3. When Maddie’s house burns down, she must decide what to save. She asks what meaning any of it has if no one ever comes back. Can you answer this question for her?
This part was so insightful and made me stop and think. After someone suffers a fire, they always say things don't matter, and the most important thing is that everyone got out alive. In this case, however, I felt it was vital for Maddie to save some important, personal family items. Saving these items signified she still had hope of being reunited with her family and would remind her to go on.
4. When Maddie helps her brother write about the biggest struggles of survival in the Island of the Blue Dolphins, she thinks it is food & shelter. What do you think she would say after her experience?
At times, finding food, water, and shelter would be a struggle; but in that struggle is the comfort of being productive. However, the emotional toll of isolation would be constant and at times unbearable when the end of it was unknown or worse, believed to be never-ending. There is no solution for isolation. The person must endure it.
2 Bonus Questions
1.At the beginning of the book, Maddie longs for freedom, especially from her family. What do you think her thoughts on freedom are after this experience?
The old adage, be careful what you wish for applies here. Freedom is always sacrificed to some degree when we choose to share our lives. Compromises must be made, rules must be in place, and sacrifices will be expected, but the power and necessity of human connection becomes abundantly clear when it is lost.
Maddie is the typical teenager at the beginning of the story, but her love for her family is still felt underneath her complaints and thoughts. By the end of the story, she's 3 years older (and probably wiser than most), and an experience like this is going to give her perspective and maturity. I bet she will be a bit more careful with her words as well as more patient, empathetic, and appreciative of her family- how could she not be?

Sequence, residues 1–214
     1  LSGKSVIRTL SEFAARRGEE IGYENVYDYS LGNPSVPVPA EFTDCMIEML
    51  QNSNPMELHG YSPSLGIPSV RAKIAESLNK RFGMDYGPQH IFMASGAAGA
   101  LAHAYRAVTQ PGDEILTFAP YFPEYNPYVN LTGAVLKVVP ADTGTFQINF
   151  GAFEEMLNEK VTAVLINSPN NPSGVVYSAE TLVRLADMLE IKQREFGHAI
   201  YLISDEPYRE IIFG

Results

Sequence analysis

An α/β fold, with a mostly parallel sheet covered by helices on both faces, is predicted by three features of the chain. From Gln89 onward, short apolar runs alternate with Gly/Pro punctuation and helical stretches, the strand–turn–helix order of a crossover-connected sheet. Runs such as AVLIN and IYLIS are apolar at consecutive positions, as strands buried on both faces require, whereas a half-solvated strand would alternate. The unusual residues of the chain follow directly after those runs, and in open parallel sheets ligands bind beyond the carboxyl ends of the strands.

2. What do you think is the draw of survival-type books?
I love survival stories! It is so easy to place myself in the MC's shoes and I'm thinking throughout the whole story What would I do? Could I survive in this situation? Would I go crazy? Would I freak out? I think it's an interesting premise and I'm here for it.
Before I leave you, I want to share a quote that Megan E. Freeman paraphrased in an interview I watched her give on YouTube. I thought it summed up beautifully the power of books in verse.
If you're looking for other books in verse to read, I highly recommend Crossover by Kwame Alexander & Long Way Down by Jason Reynolds.
February's Book of the Month
Of course, I had to pick a romance book for February! Here's the Amazon synopsis:
You may never stop loving the one you lost. But you can still find love again.
Kate is a bit of a mess. Two years after losing her young husband Cameron, she’s grieving, solo parenting, working like mad at her university fundraising job, always dropping the ball—and yet clinging to her sense of humor. As she heals and reflects, she begins to see her boss in a new light and realizes how much he's been there for her through it all.
Her husband's first note captured her heart. Will the last note set it free?
The Last Love Note will make you laugh, cry, and renew your faith in the resilience of the human heart—and in love itself.
#24in2024BookChallenge prompts The Last Love Note could fulfill:
A book by an indie Author. (This is the prompt I'm scratching off.)
A book you picked because of its cover.
A book recommended by a friend.
A book of your favorite color.
A book in your favorite genre.
April's Buddy Read
I hope your reading in 2024 is off to a great start! I'm 5 books deep & have been happy with my selections so far. If you're stuck, I loved The Girl with the Louding Voice by Abi Dare (an inspirational story set in Nigeria) and Cult and Run by Kelly MacPherson (a witty, quirky mystery full of fun and laughs).
Happy reading, friends!